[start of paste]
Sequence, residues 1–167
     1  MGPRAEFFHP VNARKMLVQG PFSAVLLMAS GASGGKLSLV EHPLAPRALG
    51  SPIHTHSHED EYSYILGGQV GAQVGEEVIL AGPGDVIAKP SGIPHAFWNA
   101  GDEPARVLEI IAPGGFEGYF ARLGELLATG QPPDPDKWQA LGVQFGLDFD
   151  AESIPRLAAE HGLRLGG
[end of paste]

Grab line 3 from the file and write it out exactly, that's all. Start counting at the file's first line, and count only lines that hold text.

    51  SPIHTHSHED EYSYILGGQV GAQVGEEVIL AGPGDVIAKP SGIPHAFWNA